Monique Verdin, "Headwaters : Tamaracks + Time : Lake Itasca" (2019), digital assemblage. Photograph taken in 2019; United States War Department map of the route passed over by an expedition into the Indian country in 1832 to the source of the Mississippi River.

Rethinking Engineering Education

We applaud Idalis Villanueva Alarcón’s essay, “How to Build Engineers for Life” (Issues, Fall 2023). As the leaders of an organization that has for 36 years sought to inspire, support, and sustain the next generation of professionals in science, technology, engineering, mathematics, and medicine (STEMM), we support her desire to improve the content and delivery of engineering education. One of us (Fortenberry) has previously commented in Issues (September 13, 2021) on the challenges in this regard.

We agree with her observation that education should place an emphasis on learning how to learn in order to support lifelong learning and an individual’s ability for continual adaptation and reinvention. We believe that in an increasingly technological society there is a need for professionals trained in STEMM to work in a variety of fields. Therefore, there is a need for a significant increase in the number of STEMM professionals graduating from certificate programs, community colleges, baccalaureate programs, and graduate programs. Thus, we agree that basic engineering courses should be pumps and not filters in the production of these future STEMM professionals.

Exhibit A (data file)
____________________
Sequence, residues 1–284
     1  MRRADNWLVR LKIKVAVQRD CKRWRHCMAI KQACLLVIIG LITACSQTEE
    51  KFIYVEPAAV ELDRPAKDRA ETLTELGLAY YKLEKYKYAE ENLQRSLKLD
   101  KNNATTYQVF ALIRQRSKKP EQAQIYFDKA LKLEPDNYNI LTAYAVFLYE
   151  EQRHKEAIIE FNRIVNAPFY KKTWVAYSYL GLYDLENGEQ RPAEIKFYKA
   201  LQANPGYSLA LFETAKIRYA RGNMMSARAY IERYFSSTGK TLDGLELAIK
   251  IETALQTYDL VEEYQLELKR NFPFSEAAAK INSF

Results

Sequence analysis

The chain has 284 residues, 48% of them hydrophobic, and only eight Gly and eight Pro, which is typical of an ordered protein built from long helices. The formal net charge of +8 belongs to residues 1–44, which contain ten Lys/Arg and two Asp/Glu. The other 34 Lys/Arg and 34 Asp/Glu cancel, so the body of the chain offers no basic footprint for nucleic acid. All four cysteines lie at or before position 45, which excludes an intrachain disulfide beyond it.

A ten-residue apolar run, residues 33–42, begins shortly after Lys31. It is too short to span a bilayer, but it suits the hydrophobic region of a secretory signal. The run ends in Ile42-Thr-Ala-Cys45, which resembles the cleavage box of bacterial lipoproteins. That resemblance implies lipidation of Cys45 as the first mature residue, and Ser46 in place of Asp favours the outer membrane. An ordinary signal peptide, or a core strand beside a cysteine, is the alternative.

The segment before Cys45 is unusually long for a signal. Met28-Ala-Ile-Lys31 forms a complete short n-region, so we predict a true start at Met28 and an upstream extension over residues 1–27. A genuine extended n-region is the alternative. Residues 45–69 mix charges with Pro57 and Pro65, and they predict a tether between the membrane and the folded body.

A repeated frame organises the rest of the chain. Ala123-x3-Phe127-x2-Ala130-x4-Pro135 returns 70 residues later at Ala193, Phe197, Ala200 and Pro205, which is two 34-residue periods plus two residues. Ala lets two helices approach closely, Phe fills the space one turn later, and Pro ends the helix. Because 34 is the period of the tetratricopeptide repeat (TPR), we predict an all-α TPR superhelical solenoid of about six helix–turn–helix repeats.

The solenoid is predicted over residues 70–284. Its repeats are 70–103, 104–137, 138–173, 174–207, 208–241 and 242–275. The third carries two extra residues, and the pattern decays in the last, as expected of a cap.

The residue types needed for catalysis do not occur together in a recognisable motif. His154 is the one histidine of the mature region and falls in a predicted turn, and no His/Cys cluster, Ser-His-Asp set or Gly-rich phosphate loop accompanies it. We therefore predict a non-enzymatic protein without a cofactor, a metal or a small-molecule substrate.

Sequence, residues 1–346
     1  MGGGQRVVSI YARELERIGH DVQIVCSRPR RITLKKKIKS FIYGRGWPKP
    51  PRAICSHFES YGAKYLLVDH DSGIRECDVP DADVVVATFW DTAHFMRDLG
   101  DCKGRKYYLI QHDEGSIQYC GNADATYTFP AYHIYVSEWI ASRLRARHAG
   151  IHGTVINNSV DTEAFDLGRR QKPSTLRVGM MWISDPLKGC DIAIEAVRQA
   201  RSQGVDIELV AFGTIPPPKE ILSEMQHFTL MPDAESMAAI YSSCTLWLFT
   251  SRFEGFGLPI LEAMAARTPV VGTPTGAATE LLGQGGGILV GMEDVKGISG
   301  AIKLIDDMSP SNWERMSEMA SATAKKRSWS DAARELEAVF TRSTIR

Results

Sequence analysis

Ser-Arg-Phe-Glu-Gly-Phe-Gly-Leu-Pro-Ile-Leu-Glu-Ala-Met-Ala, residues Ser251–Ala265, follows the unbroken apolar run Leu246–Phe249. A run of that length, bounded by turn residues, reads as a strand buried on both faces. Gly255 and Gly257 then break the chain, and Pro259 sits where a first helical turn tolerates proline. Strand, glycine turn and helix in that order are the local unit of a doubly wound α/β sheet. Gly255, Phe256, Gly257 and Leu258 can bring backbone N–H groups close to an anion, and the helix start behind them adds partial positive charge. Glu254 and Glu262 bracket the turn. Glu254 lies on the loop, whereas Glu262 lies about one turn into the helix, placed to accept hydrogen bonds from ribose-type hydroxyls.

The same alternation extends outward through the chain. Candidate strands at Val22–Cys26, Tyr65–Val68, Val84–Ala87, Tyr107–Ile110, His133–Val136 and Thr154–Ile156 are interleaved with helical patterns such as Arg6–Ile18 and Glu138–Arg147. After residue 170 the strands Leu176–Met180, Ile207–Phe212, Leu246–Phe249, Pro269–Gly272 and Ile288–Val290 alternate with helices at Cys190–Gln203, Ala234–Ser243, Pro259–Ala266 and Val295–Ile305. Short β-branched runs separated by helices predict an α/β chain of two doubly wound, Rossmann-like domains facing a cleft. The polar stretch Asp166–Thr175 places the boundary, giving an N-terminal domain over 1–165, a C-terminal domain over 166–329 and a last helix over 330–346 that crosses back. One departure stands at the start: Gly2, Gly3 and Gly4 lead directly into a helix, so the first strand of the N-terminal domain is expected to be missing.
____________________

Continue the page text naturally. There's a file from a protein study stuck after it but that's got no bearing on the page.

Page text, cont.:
We strongly support the author’s call for “stackable” certificates leading to degrees. The same holds for further increasing the trend toward pushing experiential learning activities (including laboratories, design-build contests, internships, and co-ops) earlier in engineering curricula.

We need to ensure that underserved students have opportunities for rigorous STEMM instruction in pre-college education.

Over the past 40 years, a number of organizations and individuals have worked to greatly improve engineering education. Various industrial leaders, the nongovernmental accrediting group ABET, the National Academies of Sciences, Engineering, and Medicine, the National Science Foundation, and the National Aeronautics and Space Administration, among others, have helped engineering move to a focus on competencies, recognize the urgency of interdisciplinary approaches, and emphasize the utility of situating problem-solving in systems thinking. But much work remains to be done.